To reiterate a position stated above, it really is mainly "the wrong orifice issue".

It's really stupid to consider this to be a singling out and discrimination of homosexuals. There are plenty of prominent homosexuals in the Tibetan Buddhist scene, a couple of them are close to HHDL, and HHDL couldn't care less. He is just referring to this as technical issue, he is horrified that people would use an issue of someone's sexuality to treat anyone unjustly.

In HHDL's position, he has no right to make unilateral rulings on issues that concern vinaya. He tread carefully, and rightly so - imagine if he created a schism in the monastic community!! Yet he has pushed considerably for review on many of these sensitive issues (such as that perennieal one about reviving the Bhikuni tradition).

But let's get something straight (oops sorry), and this is kind of crucial. This wrong orifice thing is much more of an issue when it comes to vows, in other words there is much more emphasis on it being 'wrong' from a proscriptive stand point rather than it being a 'natural wrong'.

The vows in question here would be the pratimoksha vows and Tantric vows. When one takes the lay pratimoksha vows it should be explained clearly as to the type of contact etc (there are degrees etc, depending on the orifice and so forth). From what I understand these are not discussed with non-upasaka/upasikas.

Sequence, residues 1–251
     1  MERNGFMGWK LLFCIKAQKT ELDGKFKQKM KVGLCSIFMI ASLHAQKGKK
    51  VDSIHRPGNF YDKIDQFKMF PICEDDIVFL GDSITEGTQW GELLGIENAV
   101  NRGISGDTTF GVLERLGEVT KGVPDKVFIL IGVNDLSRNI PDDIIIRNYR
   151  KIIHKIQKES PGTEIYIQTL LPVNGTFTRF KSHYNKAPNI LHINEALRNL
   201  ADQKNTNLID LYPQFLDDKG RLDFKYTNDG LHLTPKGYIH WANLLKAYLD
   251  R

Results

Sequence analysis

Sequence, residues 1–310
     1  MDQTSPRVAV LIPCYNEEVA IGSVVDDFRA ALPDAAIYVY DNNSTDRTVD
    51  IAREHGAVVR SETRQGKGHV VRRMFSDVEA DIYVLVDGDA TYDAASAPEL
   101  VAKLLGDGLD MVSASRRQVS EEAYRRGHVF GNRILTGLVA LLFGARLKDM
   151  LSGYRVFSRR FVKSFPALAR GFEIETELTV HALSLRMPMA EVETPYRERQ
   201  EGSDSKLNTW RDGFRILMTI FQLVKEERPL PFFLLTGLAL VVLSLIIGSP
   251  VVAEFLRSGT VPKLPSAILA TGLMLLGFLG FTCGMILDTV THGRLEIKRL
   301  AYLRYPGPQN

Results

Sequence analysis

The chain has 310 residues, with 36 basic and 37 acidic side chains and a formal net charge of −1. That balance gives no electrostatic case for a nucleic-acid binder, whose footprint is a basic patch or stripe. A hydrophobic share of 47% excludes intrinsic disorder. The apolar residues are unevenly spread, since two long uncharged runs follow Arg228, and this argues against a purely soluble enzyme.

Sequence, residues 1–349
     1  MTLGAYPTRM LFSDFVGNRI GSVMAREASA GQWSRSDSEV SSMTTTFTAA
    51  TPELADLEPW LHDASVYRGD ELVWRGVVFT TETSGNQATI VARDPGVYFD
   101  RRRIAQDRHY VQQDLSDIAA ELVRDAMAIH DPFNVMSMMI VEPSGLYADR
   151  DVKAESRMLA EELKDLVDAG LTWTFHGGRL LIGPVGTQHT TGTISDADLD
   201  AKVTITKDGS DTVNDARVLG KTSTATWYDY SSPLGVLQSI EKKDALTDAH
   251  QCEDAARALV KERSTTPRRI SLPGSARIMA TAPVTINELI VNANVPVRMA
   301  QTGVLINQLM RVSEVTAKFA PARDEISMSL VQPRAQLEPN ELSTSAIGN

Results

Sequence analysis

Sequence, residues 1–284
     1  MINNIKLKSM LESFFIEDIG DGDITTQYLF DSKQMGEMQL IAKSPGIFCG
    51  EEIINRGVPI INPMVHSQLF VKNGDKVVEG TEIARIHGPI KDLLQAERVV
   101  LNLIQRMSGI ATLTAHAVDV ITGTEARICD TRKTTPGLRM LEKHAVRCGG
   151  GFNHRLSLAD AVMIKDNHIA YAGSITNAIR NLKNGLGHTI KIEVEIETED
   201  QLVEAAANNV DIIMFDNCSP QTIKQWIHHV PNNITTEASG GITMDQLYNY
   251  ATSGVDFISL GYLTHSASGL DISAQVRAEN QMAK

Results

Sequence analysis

Certain types of sexual dysfunction such as that in which arousal is only possible in the most extreme manner, are considered obstacles for vows arising in the mind.

In terms of Tantra the wrong orifice thing very much relates to the different winds and channels, and from that perspective one would be really messing up the winds.

As to marriage, there is no Buddhist marriage. You can get a monk or respected lay person to "bless" the marriage but there are no marriage rites in the BUddhist canon. The Buddha's position was simply that you go with local culture and mores.
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Re: Gay Marriage: What Would Buddha Do?

Postby Huifeng » Mon Sep 27, 2010 7:09 am

jacx wrote:The "wrong orifice" edict is from Vasubandhu's Abhidharmakosabhasyam. But I don't know whereabouts in that massive text to find it. Nor do I have access to a copy.